We often think our brain is wired a certain way and can’t be altered – it’s what makes us unique after all. But research has shown that people who practise mindful meditation can train their brain, improving memory, happiness and coping mechanisms. This is due to neuroplasticity, the capacity of the brain to develop and adapt throughout our life and grow new neurons.

A neuroscientist from Harvard Business School, Sara Lazar, used MRI technology to assess brain changes after mindful meditation. Of those with extensive meditation experience, 40-50-year-old meditators had the same amount of grey matter in their cortex (controlling movement, memory and emotions) as the 20–30-year-olds. Wow!

Her subsequent study involved putting complete beginners through a mindfulness training programme, incorporating weekly class and daily mindful yoga and sitting meditation, to assess their psychological wellbeing and symptoms linked to depression and insomnia. Astonishingly, after 8 weeks, brain volume had increased in these key areas:

  • The hippocampus, responsible for memory storage, learning, spatial orientation and emotion regulation
  • The temporoparietal junction, responsible for empathy and compassion

The brain volume decreased in the amygdala, the area responsible for triggering ‘fight or flight’ response in a threatening situation. The reduction in the amygdala was reflected in practitioner stress levels, which also reduced accordingly.

So, if you thought your brain would only decline and shrivel with age, think again! The behaviours and choices you make today can train your brain to optimise your long-term happiness, wellbeing and mental capacity.

Our step-by-step approach to meditation and mindfulness – Get started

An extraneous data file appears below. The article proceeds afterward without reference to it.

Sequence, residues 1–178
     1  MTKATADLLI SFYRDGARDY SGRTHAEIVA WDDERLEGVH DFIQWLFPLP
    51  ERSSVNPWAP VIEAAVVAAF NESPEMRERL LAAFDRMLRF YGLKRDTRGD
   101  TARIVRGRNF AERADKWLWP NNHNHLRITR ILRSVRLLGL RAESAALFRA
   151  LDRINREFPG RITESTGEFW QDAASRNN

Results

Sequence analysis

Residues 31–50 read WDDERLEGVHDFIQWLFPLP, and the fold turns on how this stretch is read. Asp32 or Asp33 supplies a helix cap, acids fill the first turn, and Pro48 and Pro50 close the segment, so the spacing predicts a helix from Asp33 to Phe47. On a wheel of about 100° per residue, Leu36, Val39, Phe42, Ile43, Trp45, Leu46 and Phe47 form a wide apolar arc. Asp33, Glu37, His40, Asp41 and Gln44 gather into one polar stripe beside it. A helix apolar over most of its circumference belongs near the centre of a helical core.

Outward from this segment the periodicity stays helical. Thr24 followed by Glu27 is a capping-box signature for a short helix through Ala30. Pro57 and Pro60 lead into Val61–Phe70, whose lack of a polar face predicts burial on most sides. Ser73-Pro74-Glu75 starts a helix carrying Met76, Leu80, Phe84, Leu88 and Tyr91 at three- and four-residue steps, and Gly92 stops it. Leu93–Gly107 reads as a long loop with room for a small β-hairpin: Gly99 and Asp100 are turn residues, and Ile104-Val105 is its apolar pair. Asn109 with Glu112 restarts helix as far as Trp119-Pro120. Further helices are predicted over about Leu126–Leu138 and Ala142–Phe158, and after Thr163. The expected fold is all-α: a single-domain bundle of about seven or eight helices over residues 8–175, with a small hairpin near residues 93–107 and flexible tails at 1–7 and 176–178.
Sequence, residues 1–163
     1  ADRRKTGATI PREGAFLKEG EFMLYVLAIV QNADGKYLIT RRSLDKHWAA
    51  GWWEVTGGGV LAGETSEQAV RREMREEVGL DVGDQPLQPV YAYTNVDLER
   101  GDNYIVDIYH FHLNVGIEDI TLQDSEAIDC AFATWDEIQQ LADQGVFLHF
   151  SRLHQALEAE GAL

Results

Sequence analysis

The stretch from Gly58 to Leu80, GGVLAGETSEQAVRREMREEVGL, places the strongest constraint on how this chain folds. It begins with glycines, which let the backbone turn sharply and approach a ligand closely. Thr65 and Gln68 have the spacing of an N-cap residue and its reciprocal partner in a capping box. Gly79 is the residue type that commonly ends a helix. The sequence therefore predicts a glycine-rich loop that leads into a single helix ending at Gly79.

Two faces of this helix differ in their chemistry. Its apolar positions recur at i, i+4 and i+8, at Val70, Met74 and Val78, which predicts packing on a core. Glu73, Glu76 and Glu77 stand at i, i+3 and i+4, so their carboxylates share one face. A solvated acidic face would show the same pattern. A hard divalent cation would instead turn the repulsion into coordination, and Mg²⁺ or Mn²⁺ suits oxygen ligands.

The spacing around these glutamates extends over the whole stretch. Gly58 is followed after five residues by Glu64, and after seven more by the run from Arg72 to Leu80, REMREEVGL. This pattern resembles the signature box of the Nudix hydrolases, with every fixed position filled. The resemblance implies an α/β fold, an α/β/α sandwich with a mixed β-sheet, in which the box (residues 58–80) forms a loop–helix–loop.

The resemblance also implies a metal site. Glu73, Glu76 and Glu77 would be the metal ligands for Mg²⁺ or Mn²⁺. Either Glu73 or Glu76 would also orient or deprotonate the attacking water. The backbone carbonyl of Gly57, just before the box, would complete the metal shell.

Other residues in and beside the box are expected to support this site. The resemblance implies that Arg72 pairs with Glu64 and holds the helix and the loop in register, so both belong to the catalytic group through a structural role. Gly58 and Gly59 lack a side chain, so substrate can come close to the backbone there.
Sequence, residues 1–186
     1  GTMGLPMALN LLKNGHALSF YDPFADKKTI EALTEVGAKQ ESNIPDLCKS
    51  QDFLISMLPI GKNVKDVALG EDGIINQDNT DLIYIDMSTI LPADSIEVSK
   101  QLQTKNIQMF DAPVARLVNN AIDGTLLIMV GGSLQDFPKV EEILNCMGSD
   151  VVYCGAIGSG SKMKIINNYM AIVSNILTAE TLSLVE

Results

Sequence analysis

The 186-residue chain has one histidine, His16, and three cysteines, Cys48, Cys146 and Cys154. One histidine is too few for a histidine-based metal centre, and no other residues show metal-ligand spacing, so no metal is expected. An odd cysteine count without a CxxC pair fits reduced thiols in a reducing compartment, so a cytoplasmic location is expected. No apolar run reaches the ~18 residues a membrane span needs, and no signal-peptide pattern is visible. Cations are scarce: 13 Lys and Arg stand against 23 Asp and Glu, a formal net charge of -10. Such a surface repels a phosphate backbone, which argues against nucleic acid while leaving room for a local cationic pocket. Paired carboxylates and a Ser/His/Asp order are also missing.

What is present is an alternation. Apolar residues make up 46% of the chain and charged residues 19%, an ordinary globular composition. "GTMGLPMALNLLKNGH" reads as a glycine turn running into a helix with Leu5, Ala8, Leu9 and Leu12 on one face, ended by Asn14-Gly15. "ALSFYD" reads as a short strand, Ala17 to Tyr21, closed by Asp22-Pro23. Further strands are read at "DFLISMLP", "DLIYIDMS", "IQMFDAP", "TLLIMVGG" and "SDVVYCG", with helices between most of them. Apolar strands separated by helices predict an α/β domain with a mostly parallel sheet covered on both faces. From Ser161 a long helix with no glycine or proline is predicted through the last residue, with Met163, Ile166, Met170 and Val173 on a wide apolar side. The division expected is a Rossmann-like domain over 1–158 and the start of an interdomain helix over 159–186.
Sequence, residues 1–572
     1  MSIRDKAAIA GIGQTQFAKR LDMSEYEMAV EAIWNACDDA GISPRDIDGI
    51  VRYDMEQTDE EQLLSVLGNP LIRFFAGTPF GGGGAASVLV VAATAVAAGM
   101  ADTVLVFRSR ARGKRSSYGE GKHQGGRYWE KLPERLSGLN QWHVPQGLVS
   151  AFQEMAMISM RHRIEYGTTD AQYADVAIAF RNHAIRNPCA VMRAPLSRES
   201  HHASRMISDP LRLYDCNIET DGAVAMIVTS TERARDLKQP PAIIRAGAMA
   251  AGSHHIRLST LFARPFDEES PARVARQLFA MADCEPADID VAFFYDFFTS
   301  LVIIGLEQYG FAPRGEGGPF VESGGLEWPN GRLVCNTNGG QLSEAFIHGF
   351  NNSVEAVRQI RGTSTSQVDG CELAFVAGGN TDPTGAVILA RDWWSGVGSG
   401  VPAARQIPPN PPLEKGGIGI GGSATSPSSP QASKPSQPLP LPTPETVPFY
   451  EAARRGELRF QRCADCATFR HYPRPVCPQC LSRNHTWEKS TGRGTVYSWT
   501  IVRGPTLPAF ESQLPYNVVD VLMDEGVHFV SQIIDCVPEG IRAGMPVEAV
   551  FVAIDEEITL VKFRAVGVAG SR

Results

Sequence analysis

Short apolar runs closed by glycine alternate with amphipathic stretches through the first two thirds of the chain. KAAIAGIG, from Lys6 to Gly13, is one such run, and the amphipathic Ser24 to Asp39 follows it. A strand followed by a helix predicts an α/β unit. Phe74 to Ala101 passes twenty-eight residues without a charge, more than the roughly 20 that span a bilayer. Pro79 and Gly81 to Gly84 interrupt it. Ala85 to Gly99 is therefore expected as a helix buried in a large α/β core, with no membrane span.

There are plenty of online resources, apps and books that teach mindfulness and meditation. Yoga is also a great way to stay physically and mentally in tune with yourself, focus on breathing techniques and stay in the present moment. As it’s practitioner-led, you don’t even need to think about what to do. 

Below is a step-by-step approach to meditation. It sounds simple to do nothing, but we are not conditioned to do so! Give it a try but be patient with yourself. 

  1. Find peace and quiet at a time when you won’t be interrupted. Sit or kneel comfortably and close your eyes if you wish. Sitting encourages the necessary energy flow (avoid lying as it can make you sleepy)
  2. Decide how long you will meditate for. Five to ten minutes is fine for a beginner – set a timer so you can focus
  3. Clear your mind
  4. Become aware of your breath and slow it down, inhaling and exhaling deeply
  5. Acknowledge any judgements or thoughts and let them pass (passively observe)
  6. If your mind wanders (it likely will), bring it back to the present. Repeat.
  7. At the end, open your eyes and notice how you are feeling. Absorb your practice – don’t rush into something else
  8. Thank yourself

Aim to practise daily at a time that suits you. Start to feel the benefits of daily meditation and mindfulness, when doing nothing is the most productive and rewarding thing you can do.